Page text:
Ellen Stone taught special education in the public schools in Kansas and Michigan for over 30 years. She advises a poetry club at Community High School, and co-hosts a monthly poetry series in Ann Arbor, Michigan. Ellen's poems have appeared recently in Mantis, Moon City Review, Pretty Owl Poetry, San Pedro River Review, and are forthcoming in Switchback. She is the author of The Solid Living World (Michigan Writers' Cooperative Press, 2013). Ellen's poetry has been nominated for the Pushcart prize and Best of the Net.
Her poem, "My life as a lawn sprinkler," appeared in Issue Eighty-Four of The Rupture.
Here, she talks with Angela Redmond-Theodore about motherhood, making a declaration, and the use of rhyme.
The intimate details the speaker offers in "My life as a lawn sprinkler" make me think that you as the author were trying to get at something as you were writing. Where did this poem come from?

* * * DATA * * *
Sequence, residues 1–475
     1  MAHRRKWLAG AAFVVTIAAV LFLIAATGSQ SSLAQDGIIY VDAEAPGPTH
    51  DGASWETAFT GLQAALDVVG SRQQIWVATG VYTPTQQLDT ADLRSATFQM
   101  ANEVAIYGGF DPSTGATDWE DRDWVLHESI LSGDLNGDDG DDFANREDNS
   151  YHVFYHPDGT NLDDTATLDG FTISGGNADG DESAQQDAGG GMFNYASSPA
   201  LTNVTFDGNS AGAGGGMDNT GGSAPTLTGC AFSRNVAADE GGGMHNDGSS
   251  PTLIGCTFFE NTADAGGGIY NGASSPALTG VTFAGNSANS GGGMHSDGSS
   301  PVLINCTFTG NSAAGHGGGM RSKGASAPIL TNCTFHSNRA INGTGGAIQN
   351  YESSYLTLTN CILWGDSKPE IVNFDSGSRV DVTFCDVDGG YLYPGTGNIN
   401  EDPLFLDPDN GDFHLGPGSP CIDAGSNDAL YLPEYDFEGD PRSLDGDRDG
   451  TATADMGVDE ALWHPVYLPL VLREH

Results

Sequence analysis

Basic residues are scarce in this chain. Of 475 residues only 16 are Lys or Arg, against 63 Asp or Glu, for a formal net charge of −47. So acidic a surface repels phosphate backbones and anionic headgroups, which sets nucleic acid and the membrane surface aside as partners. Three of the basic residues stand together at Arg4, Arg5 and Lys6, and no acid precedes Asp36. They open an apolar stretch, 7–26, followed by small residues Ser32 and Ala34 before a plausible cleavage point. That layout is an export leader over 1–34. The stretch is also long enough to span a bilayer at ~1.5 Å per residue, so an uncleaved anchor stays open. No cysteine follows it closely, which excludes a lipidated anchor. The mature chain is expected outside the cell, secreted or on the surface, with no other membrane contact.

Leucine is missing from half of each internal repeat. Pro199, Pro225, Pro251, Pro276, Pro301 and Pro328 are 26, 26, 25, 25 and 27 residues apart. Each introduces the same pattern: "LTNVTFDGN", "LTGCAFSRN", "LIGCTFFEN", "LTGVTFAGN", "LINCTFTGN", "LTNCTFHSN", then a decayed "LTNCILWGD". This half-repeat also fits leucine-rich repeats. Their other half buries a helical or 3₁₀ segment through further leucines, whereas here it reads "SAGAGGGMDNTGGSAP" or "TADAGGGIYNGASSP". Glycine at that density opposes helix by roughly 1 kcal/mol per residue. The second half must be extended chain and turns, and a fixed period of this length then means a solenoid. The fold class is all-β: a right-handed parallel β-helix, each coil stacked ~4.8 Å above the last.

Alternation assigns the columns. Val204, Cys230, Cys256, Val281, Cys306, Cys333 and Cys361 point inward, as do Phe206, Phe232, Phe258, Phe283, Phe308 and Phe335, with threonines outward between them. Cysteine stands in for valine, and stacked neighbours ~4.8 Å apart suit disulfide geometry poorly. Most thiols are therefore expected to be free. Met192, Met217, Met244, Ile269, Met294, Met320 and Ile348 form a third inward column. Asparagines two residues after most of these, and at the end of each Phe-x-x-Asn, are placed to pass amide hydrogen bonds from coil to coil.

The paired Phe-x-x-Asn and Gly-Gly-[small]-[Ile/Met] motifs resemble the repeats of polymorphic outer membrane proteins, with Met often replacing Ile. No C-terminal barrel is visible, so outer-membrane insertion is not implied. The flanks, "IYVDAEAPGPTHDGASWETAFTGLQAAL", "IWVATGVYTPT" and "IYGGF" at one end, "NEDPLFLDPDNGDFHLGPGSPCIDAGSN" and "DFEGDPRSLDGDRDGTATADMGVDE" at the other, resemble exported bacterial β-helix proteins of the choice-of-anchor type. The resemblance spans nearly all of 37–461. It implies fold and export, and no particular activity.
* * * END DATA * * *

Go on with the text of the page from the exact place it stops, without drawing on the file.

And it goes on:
This poem came from my experience raising three daughters in Ann Arbor, Michigan, and owning a house with my husband. I was raised in rural Pennsylvania, so suburban living still seems novel to me. I am a gardener, and southeastern Michigan can turn from wet in the spring to prairie-dry in summer. My intimate relationship with mechanisms like my lawn sprinklers fascinates me. I was literally thinking about motherhood and how much it is like a lawn sprinkler as I moved my small metal mechanism around my front yard raised bed, and all the flower gardens. I don't think I got the connection entirely until I read Matthew Olzmann's inanimate object poems. Originally, the poem was called "Winning the west in my own backyard." I must have been thinking more about the conquest of land, how to tame it at the start.
This question is related to the first. As with any creed or manifesto, the poem's opening words, I believe... signal the reader to pay close attention to what follows. What follows are four stanzas of the inner workings, functions, and musings of a lawn sprinkler; and then two stanzas declaring an understanding of purpose: filling the well, distributing it. Is this a personal manifesto, or an artist's statement, perhaps?